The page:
I was a complete fool during that awful time in our marriage.  But I eventually did come to my senses and I’m hoping your spouse will also.  In the meantime, you have to know how to give your spouse space but maintain your dignity and respect at the same time. 

What Doesn’t Work

There is a popular program out there that gives really bad advice to people in this situation.  They tell you to buy your spouse gifts and write them cards every day.  I’m telling you, this would have made things much worse for us.  I would have felt suffocated.  I would have felt pity for my husband and his pathetic attempts to win me back.  I would have left him.

Our Trained Coaches Can Help

Our coaches are trained in techniques like “drop the rope” and “yank the chain”. They kind of sound like torture devices!  But our techniques can really work if you know when and how to use them.  Our coaches get relationship training from the top experts in this country and we meet weekly to train and stay up-to-date on the latest research. 

Look, you are in a tough spot.  It can be confusing to know where to turn for advice.  Make sure you work with someone who knows what they are doing.  When I opened a new business, I hired a business coach.  I wanted to avoid costly mistakes.  Be smart about your relationship.  Hire a good marriage coach and work with them regularly. 

Your life is worth this investment.  Your family is worth fighting for. 

We can help you navigate through the next several months.  I won’t lie.  This is going to be difficult.  So make sure you get all the help and support you need. 

Call us at 972-441-4432 or send us an email here.

In the meantime, take care of yourself.  Find things you enjoy and indulge.  You need some self-love right now. If I could, I would give you a big hug and some chocolate.  It always makes me feel better. ☺


Kim

5 thoughts on “When Your Spouse Says I Never Really Loved You

  1. Wow I am the male on the other side of this and this describes the situation I was in to a t!

    My wife said those exact words, “I never loved you”. I made mistakes and done all the wrong things in the beginning which were probably manipulative and controlling to some extent which was pushing her away further.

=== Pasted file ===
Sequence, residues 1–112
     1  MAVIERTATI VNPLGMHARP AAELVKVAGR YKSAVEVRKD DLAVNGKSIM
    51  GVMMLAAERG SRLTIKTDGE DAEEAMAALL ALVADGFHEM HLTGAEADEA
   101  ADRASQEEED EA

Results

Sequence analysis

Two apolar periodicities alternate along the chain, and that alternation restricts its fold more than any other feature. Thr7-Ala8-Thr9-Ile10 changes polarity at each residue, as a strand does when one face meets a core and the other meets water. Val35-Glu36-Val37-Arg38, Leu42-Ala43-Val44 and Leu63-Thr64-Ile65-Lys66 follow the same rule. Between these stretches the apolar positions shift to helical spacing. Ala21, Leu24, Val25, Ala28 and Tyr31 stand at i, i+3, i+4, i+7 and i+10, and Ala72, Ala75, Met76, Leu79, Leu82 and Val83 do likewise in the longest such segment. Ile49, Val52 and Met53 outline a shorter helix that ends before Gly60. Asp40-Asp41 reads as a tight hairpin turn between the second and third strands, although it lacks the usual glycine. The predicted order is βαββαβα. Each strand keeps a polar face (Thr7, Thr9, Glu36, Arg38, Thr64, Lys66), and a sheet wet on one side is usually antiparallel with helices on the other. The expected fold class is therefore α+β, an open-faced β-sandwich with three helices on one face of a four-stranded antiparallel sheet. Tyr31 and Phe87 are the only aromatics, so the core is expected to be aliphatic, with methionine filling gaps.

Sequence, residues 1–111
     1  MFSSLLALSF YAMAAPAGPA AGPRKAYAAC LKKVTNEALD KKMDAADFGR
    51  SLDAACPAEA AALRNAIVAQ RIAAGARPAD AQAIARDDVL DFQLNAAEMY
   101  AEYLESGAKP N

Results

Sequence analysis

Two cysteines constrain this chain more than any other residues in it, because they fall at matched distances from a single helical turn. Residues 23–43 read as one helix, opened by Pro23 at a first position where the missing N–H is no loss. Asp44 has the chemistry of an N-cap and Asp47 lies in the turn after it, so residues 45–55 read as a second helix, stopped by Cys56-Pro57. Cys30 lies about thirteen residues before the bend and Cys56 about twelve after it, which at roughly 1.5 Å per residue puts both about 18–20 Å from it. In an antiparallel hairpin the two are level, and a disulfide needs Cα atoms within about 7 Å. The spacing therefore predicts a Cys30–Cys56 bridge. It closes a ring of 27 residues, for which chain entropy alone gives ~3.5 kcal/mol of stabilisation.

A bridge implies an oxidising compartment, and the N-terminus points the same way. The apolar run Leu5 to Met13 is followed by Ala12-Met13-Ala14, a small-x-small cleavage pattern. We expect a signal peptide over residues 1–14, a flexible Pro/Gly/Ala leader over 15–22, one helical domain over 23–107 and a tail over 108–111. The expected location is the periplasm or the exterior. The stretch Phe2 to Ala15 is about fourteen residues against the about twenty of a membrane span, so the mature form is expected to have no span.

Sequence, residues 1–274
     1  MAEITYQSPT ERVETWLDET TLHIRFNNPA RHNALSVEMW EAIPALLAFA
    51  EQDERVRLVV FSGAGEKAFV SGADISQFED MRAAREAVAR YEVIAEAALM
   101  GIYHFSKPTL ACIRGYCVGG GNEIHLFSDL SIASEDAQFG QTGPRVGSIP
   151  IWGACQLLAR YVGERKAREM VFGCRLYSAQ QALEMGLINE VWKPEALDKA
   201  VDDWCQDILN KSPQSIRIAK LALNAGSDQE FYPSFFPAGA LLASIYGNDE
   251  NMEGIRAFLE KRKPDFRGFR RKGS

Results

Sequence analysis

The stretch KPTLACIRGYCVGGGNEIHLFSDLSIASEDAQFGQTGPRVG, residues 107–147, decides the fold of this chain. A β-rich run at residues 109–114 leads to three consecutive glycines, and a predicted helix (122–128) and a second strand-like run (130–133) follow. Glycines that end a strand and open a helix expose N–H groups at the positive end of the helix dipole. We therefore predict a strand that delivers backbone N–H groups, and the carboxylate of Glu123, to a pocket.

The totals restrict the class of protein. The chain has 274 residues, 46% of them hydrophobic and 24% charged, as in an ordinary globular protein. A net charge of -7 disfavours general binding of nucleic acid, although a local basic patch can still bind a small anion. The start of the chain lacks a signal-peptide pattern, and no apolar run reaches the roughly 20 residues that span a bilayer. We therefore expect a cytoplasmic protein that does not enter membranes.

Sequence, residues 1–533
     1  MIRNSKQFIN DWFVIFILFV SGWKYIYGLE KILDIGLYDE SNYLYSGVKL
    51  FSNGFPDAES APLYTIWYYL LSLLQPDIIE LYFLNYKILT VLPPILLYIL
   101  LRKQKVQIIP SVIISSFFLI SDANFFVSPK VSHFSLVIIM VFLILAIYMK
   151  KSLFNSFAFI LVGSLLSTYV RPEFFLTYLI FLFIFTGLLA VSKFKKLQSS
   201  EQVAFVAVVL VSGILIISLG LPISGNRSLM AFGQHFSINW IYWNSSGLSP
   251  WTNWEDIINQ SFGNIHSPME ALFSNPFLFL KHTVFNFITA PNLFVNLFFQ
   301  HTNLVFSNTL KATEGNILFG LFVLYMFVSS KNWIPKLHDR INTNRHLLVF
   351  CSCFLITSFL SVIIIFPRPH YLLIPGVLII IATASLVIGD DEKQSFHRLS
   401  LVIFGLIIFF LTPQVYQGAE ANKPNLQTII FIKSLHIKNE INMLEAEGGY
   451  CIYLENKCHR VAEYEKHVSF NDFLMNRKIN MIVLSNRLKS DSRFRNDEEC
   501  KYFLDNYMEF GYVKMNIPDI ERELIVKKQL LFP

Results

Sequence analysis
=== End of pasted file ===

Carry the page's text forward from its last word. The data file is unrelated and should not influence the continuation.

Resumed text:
But I stopped pursuing her,
    I focused on everything else
    Being a better man
    Improving all of my relationships, my kids, my mum, my dad, close family etc.
    Improving my career
    Getting back into my hobbies, meeting new people and becoming really sociable again.

    With time she fell in love again with the guy I used to be and I think it’s easy to let go of that with marriage and kids.

    I think we get beaten down by our spouses and conflict and give up on ourselves and sacrifice hard all the time in a bid to not rock the boat or upset the other half.

    So now I have all these improved relationships and social life, which doesn’t mix that well when you have a young family, you have to sacrifice but you have to hold on to them and dont let yourself and your life dim away.

    Prioritize those most important to you, but make the time for yourself

  2. I too have been living in a situation for over 5 years where my wife said one day she did not love me.. for 5 years I tried to be the best husband, I beat myself up for pass failings, only to loose myself. focused on her needs, putting my own needs behind her, my children and everyone else. I have now move beyond her, have found myself, to be a better father, brother, son and employer. I have improved thru the pain, hurt and torment. I am good where ever we go, with my wife at my side or not. she has not been a woman I would fall in love with nor want to spend time with. she is angry, aggressive and narcissistic. Believe God has a plan, now I focus on my children and me.. cognizant of what is around me and those I love.. True growth